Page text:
I’m not the person I was fifteen months ago, or a year ago, or six months ago. I’ve been refined by my experiences. I’ve been made richer by my losses. I’ve been shaped, molded, forever propelled by the existence and the time I spent knowing and now forever loving my little boy who I can no longer hold.
And in this newfound wisdom, this richness, this inspiration, my eyes have been opened to more than just my own pain. My heart has softened and extended a hand to others who have suffered, and not even in the same way.
I was welcomed in by my community, the ones I found a home with, the community of bereaved mothers. And in my suffering and in my healing and mending, a new sense of compassion has opened my eyes. I’ve seen so much more— I’ve seen a whole world of people all broken in their own way, all reaching out, searching through the dark, stumbling and desperately grasping for a hand to hold onto.
Suffering comes in all forms. While human nature may lead us to create a scale of which pains are greater or lesser, the truth is that pain is pain, and that no person can define or rate another’s pain or suffering.
Another foundational truth is this: no matter what we face, no matter how different our suffering or our brokenness may be from the person next to us, we have this: we all need a hand to hold on to. Regardless of if we suffer in the same way. Regardless of if our scars look alike. Regardless of where we’ve been, what our eyes have seen, what our future holds, regardless— because here is what I’m learning…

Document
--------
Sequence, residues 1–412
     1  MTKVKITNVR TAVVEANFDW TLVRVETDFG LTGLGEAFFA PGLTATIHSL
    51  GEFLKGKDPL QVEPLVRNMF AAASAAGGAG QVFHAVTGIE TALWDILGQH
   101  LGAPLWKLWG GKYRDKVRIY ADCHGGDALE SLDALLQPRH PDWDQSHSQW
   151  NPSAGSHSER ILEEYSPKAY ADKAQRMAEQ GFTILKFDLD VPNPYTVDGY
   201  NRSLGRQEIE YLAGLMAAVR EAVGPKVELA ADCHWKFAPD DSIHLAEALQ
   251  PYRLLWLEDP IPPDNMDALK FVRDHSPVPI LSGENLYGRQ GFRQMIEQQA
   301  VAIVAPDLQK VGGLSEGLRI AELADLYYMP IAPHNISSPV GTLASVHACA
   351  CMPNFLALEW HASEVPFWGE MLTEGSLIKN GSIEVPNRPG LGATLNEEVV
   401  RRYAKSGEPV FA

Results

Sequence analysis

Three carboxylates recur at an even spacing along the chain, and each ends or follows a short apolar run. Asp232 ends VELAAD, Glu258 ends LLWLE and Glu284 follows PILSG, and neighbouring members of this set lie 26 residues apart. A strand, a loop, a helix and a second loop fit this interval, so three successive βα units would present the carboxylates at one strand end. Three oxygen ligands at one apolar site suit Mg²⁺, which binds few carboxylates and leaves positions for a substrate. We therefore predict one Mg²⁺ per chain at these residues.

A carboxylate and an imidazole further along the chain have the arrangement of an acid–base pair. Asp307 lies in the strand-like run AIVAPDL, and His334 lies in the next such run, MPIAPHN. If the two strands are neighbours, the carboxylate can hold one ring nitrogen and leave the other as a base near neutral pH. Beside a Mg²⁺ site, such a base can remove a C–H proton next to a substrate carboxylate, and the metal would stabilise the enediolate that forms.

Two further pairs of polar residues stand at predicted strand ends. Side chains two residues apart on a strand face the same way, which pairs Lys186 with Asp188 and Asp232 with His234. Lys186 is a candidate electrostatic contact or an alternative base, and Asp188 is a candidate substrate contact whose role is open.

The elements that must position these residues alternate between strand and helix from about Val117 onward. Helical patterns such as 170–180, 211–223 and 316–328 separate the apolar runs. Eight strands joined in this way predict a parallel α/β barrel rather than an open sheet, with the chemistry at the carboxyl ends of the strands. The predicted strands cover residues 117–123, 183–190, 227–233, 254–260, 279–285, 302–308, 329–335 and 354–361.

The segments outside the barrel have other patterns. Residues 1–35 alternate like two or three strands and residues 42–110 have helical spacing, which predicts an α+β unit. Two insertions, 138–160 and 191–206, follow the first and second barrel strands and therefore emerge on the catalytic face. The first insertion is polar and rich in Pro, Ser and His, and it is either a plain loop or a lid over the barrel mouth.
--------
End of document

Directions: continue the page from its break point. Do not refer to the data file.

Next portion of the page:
It doesn’t matter. It doesn’t matter what you face. It doesn’t matter where you’ve been. It doesn’t matter if your pain is different. It doesn’t matter if our scars don’t match. It doesn’t matter if on the human scale of pain, whether yours is greater or lesser than mine. It doesn’t matter. It doesn’t matter. It doesn’t matter.
What matters is this. Your heart. My heart. Both broken in their own ways. Both suffering in their own rights. Both needing another soul to reach out with genuine love, with authenticity, with togetherness. Both needing a hand extended. Both searching, in the darkness, digging for the light, stumbling at times.
It doesn’t matter where you’ve come from. It doesn’t matter what you’ve faced. It doesn’t matter how you’ve suffered. None of it matters. What matters is this. Suffering produces compassion and compassion produces bonds, bonds that are built between people have who have known brokenness, no matter the type, and who are pulling each other to hope, to mending, to so much more. We’re not going to go to simply stay in our separate camps. We’re not going to close our eyes and plug our ears to one another. I’m going to grab your shoulders, look you in the eyes, and tell you this:
“I don’t care where you’ve been or what you’ve faced. I see you. I see your broken heart. I see my own, and I’ve seen the light. Take my hand. Let me show you the way.”
Regardless of what we face or where we come from, take my hand. Together, we’ll find the way.